Wayne
  5. brakie

    brakie Active Member

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    Kate,You could use such as a layout sub base with bracing..You will need to use 1/2" insulating foam or Homasote for your sub roadbed.

    However,a 4x8 sheet of 1/2" plywood on a table frame with 18" centers between the cross bracing would be a better choice for a layout board with either 1/2" insulating foam or Homasote for your sub roadbed.
  6. Santa Fe Jack

    Santa Fe Jack Member

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    I would stay away from wood completely, except for the bracing benchwork. Top that wood frame with sheets of insulating foam (not styrofoam). I have been VERY happy that I adopted this path forward. Foam is great to work with.
  7. Gary S.

    Gary S. Senior Member

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    I don't know, I kind of like the 1/4" birch plywood under my foam. If gives me a place to attach turn-out throw mechanisms, wiring, relays, electromagnets, terminal strips.

    I used 1" x 2" ripped from plywood for the frame, 1/4" birch on that, and 2" blue foam on top. It is fairly light, and works beautifully, and I wouldn't do it any other way. Here's some examples.

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  8. Santa Fe Jack

    Santa Fe Jack Member

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    Wow -- that looks nice and clean. Good starting point!

    And I can see how the plywood is handy for mounting things. It's just not a lot of use in supporting the foam, I had thought.
  9. Gary S.

    Gary S. Senior Member

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    You are probably correct on that. The 2" foam is probably stronger than the 1/4" plywood! One of the best things about model railroading is there are 20 ways to accomplish any project. And it is fun to hang out on The Gauge to see all the different solutions.
  10. Gary S.

    Gary S. Senior Member

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    I guess it is obvious that I really like the foam.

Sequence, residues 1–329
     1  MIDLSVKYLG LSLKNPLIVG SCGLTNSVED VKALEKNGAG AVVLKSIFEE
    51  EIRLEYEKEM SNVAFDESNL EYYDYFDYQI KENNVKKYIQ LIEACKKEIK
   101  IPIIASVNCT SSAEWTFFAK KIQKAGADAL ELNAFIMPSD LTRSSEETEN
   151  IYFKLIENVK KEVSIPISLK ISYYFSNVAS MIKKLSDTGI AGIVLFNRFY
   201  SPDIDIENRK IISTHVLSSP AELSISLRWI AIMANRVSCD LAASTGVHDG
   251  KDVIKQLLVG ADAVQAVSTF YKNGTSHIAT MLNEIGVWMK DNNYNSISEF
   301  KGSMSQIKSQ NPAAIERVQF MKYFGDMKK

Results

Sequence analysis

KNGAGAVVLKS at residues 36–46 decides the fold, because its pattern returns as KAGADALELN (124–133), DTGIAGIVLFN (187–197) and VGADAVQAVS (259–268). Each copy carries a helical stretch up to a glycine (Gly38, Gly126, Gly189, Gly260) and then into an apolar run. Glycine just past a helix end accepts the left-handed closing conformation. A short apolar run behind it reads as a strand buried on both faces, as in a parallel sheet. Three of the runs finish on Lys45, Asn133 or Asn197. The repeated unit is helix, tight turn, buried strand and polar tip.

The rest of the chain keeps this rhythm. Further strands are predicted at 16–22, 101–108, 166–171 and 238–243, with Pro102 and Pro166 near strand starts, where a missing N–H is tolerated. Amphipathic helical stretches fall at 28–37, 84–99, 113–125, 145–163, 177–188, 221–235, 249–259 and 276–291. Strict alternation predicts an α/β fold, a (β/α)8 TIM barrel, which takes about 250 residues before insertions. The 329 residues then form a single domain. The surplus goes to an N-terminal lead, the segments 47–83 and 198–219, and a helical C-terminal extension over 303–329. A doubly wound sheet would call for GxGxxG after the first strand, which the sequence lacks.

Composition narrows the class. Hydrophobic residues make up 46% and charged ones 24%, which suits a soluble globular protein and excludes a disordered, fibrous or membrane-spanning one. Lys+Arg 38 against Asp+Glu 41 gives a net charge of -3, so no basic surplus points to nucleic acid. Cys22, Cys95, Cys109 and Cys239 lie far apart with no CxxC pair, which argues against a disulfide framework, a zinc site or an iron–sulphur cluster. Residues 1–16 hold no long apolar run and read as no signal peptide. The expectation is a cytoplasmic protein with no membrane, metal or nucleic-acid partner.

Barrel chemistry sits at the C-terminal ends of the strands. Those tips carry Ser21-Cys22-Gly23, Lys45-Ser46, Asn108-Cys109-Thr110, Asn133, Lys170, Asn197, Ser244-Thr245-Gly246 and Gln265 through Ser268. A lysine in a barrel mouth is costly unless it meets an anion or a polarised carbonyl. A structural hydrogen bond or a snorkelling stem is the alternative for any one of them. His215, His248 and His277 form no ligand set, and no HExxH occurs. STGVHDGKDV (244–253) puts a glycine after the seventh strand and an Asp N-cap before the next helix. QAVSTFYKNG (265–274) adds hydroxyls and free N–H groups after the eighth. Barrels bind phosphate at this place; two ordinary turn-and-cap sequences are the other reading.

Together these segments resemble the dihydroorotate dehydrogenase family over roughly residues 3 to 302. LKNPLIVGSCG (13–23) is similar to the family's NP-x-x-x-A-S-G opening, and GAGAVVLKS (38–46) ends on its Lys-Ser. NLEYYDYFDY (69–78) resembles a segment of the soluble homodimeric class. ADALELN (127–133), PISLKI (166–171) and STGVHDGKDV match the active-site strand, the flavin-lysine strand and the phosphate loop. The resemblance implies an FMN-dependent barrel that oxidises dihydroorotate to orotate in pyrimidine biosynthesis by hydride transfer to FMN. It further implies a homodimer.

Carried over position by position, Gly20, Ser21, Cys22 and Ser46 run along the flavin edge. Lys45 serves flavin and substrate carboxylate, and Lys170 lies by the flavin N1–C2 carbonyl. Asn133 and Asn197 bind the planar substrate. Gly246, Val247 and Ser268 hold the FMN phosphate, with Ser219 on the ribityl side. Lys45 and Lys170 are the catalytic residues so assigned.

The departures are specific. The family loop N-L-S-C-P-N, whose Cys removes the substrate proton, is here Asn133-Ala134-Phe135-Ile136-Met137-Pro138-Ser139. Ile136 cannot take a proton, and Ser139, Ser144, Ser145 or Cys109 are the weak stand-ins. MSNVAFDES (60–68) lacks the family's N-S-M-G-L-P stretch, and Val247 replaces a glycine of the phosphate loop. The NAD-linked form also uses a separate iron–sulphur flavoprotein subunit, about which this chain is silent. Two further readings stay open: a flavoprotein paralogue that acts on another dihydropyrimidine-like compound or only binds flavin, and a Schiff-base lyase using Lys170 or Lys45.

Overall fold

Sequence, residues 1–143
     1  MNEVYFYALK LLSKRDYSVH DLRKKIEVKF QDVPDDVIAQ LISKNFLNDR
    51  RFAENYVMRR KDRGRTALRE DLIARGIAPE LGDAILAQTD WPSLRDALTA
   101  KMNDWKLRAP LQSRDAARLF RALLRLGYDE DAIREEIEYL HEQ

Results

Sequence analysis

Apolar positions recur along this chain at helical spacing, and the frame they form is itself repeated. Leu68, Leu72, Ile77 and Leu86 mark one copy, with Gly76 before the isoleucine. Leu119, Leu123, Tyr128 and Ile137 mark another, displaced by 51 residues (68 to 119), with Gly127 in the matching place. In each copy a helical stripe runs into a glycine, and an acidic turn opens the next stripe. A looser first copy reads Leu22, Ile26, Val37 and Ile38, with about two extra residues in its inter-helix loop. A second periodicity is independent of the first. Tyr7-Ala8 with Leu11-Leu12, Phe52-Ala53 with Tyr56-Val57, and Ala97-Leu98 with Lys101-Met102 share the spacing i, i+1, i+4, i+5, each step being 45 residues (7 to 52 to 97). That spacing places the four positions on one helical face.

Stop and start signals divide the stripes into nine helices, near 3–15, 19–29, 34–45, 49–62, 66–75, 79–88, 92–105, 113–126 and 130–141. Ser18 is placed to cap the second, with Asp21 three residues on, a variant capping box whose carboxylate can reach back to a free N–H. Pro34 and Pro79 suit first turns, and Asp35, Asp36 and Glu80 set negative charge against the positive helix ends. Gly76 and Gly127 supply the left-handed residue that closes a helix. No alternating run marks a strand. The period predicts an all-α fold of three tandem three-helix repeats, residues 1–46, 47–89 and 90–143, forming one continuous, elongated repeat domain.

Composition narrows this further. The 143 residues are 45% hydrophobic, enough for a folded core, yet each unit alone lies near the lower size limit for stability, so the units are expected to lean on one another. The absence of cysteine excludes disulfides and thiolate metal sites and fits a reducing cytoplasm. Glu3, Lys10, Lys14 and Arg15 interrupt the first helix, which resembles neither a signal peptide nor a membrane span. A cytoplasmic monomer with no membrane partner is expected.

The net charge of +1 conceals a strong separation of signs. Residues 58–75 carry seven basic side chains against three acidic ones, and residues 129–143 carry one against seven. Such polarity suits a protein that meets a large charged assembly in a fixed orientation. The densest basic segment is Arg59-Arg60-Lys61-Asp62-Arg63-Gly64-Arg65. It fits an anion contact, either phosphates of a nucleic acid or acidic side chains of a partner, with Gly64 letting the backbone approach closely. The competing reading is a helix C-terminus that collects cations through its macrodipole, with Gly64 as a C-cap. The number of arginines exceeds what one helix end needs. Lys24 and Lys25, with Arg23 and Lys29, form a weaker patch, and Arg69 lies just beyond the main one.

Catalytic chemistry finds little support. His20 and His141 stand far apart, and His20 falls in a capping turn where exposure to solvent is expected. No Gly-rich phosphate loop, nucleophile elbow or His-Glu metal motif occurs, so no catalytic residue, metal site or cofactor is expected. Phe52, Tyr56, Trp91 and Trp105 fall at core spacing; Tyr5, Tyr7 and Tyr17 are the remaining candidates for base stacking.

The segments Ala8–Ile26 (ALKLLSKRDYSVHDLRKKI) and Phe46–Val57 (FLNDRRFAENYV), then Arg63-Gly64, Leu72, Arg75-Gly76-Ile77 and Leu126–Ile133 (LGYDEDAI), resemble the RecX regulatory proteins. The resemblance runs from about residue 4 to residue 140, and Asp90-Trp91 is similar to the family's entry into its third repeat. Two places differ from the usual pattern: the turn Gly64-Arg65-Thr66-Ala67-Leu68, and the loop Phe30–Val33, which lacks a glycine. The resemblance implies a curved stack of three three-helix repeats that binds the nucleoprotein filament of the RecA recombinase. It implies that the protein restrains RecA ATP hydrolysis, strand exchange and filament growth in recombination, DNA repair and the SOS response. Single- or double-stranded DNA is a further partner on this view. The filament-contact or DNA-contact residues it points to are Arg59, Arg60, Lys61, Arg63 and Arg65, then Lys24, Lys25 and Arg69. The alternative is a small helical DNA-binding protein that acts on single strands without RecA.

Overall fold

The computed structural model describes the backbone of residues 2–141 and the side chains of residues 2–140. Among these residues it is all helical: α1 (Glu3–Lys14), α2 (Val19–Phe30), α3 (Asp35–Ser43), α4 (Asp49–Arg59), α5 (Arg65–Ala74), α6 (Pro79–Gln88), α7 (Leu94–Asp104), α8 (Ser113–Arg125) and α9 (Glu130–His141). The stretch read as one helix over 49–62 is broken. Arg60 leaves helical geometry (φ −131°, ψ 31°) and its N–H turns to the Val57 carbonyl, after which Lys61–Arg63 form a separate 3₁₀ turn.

Hey Thomas_Fan, here is why I like it so much and recommend it. It is just so easy to make all the ditches, creeks, and low areas, simply by cutting and scooping out the foam, instead of cutting out plywood.

    Santa Fe Jack, I guess another reason I put the plywood underneath is because I knew I was going to be cutting some drainages in that are almost 2" deep, as thick as the foam.

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  11. jeffrey-wimberl

    jeffrey-wimberl Active Member

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    Amen to that! I tried MDF once and it was a complete disaster. The humidity down here in central Louisiana just killed it. It was falling apart within a year. Since then I only use plywood as a base.
  12. Gary S.

    Gary S. Senior Member

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    Hey Jeffery, we have similar problems over here in Southeast Texas. That's why I put one coat of white primer and two coats of gray paint on all the exposed wood of my shelves.
  13. doctorwayne

    doctorwayne Active Member

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    You're right about that, Gary: I'd forgotten about foam being not too good for attaching things to. :rolleyes: (Pardon my dangling participle) :eek::p My main point was that the foam alone would be preferable to MDF. Foam on 1/4" plywood is better. If I ever get around to constructing the second level of my layout, it'll be 1/4" plywood on 1"x2" framing, although without the foam. ;):-D

    Wayne
  14. steamhead

    steamhead Active Member

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    Hey Gary...That's A1 workmanship...!! What do you do for a living..??
    No spaghetti bowls of wiring in that layout..!! Great job..!! :thumb:
  15. thomas_fan

    thomas_fan New Member